Let $|w|=n+1$. WLOG, suppose $w$ ends with $+$. So the first step in the derivation for $w$ must be $$S\to SS+.$$
    Let $w_1$ be the string produce by the first $S$ on the right hand side and $w_2$ be the string produced by the second $S$ so that $w=w_1w_2+$. Note that $w_1, w_2\in L(G)$.
    Scanning $w_1w_2+$ from right to left character by character, let us track the difference of the number of operators and the number of $a$'s scanned. The claim above implies the last scanned character of $w_2$ must be the character at which that difference have dropped to 0 for the first time.
    So $w_2$ is determined uniquely by $w$. Hence $w_1$ is also determined uniquely by $w$.
    By induction hypothesis, there is a unique parse tree for $w_1$ and for $w_2$. Hence, there is a unique parse tree for $w$. $\quad\checkmark$

Inspect $G$ reversed

Here is another way to show $G$ is unambiguous, which may appear simpler for readers with more experience.

Let $G^r$ be $G$ with production rules reversed, i.e., $$G^r=(\{a,+, *\}, \{S\}, \{S\to +SS, S\to *SS, s\to a\}, \{S\}).$$ It is easy to see that $G$ is unambiguous iff $G^r$ is unambiguous.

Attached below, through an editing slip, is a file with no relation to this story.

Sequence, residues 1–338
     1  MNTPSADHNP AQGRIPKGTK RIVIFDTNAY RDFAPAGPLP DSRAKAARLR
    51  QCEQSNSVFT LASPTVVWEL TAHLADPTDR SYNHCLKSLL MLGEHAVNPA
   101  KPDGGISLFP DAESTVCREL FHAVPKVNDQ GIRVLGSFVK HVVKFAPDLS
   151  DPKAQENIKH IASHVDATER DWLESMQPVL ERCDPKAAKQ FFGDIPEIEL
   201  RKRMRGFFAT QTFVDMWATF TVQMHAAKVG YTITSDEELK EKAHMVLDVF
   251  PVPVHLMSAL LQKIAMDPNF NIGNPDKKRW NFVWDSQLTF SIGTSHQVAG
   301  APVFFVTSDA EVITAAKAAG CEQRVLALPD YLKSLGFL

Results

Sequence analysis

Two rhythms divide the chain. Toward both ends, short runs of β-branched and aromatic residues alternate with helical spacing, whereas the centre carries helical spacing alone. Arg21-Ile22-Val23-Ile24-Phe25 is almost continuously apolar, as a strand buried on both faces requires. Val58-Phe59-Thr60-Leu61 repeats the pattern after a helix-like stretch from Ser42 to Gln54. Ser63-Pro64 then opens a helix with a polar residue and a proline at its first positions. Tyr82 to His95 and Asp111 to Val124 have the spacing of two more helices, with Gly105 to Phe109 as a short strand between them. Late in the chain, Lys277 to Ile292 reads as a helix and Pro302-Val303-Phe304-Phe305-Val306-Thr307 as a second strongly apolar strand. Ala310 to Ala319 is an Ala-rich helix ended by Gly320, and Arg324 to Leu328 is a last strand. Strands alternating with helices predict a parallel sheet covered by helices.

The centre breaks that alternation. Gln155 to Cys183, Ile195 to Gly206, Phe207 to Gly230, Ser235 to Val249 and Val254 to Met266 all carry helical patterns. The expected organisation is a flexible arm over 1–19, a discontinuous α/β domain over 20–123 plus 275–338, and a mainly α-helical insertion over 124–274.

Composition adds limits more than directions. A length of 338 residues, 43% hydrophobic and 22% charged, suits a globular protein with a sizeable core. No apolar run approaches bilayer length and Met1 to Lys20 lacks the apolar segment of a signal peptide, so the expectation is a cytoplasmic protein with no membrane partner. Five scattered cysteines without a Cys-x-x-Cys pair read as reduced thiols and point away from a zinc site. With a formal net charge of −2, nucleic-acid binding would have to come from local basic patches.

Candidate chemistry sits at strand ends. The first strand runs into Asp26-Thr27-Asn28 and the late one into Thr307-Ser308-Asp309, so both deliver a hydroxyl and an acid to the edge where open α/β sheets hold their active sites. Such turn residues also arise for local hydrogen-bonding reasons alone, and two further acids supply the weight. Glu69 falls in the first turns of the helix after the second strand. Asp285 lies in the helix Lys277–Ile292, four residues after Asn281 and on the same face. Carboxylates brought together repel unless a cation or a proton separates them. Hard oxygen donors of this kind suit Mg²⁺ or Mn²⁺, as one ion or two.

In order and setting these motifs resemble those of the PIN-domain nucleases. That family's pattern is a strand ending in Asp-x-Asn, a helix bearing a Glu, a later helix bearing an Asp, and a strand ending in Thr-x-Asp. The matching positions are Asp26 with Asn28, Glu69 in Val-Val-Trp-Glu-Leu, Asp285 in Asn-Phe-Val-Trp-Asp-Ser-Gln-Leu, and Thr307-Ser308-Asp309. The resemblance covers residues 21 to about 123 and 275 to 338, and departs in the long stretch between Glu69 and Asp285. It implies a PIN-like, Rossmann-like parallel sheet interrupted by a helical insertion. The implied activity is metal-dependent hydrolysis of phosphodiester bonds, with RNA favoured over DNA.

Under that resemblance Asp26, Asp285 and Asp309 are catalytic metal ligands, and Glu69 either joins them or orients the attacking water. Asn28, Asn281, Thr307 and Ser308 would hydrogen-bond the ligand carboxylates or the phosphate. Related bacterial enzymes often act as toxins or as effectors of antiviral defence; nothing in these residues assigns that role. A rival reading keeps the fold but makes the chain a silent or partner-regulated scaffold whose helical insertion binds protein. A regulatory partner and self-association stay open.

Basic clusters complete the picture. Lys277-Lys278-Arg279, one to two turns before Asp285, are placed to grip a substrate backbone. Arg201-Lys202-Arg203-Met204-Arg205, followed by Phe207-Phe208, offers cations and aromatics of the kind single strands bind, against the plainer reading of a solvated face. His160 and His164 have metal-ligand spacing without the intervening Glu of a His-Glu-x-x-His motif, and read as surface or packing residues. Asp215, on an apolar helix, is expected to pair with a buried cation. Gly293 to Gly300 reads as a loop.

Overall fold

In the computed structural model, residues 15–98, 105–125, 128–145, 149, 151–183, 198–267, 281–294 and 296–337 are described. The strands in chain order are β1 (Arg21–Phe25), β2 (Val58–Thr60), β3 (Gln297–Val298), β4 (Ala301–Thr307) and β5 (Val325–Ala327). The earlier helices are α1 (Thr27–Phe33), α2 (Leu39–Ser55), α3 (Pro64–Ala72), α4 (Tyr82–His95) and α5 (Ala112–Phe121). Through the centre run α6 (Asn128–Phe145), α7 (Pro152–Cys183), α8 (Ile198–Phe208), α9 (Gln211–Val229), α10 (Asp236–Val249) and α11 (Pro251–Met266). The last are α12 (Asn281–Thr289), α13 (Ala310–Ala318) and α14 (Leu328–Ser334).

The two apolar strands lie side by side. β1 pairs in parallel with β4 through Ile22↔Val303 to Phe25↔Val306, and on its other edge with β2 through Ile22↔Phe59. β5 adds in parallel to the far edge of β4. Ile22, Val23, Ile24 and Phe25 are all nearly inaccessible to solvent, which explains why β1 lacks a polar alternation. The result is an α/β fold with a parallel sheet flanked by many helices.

With some simple routine computation, we can obtain the $LL(1)$ parsing-table of $G^r$, $$\begin{array} {|c|c|c|c|}\hline &{\\\$} &+ & * & a \\\hline S & &S\to +SS &S\to *SS & S\to a \\\hline \end{array}$$ As an $LL(1)$ grammar, $G^r$ is unambiguous. Hence, $G$ is ambiguous as well.

More generally, we can prove that a context-free grammar is unambiguous if all production rules end with different terminals.

An exercise

Prove $(\{0, 1,+, *\},$ $\{S, B\},$ $\{S\to SS+,$ $S\to SS*,$ $S\to B,$ $B\to 0B,$ $B\to 1B,$ $B\to 0,$ $B\to 1\},$ $\{S\})$ is an unambiguous grammar.

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  • $\begingroup$ John, maybe the exercise has a typo? The nonterminal B is not generating. $\endgroup$
    – Tonita
    Feb 8 at 17:16
  • $\begingroup$ @Tonita, thanks, updated. $\endgroup$
    – John L.
    Feb 8 at 17:29
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I would like to suggest another easy method to prove that the grammar $G$ is unambiguous. We can use the LR(0) parsing property to do so.

The language $L(G)$ is not prefix-free. If we add the endmarker $\\\$$ to the language, thus introducing a new initial nonterminal $S'$ and the rule $S'$ $\rightarrow$ $S$ $\\\$$ then the prefix property is satisfied. If the resulting grammar $G'$ is LR(0) then the initial grammar is necessarily unambiguous, otherwise we would get a parsing conflict for some word in $L(G')$. The LR(0)-property of $G'$ can be easily proven by constructing the corresponding finite state automaton.

Btw, this method does not provide a criterion of unambiguety, it gives only a sufficient condition. There are some unambiguous grammars that generate non-deterministic CFLs (the most famous example is the grammar generating even palindromes).

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  • $\begingroup$ Nice, with endmarker added $G$ does become LR(0) $\endgroup$
    – John L.
    Feb 12 at 23:03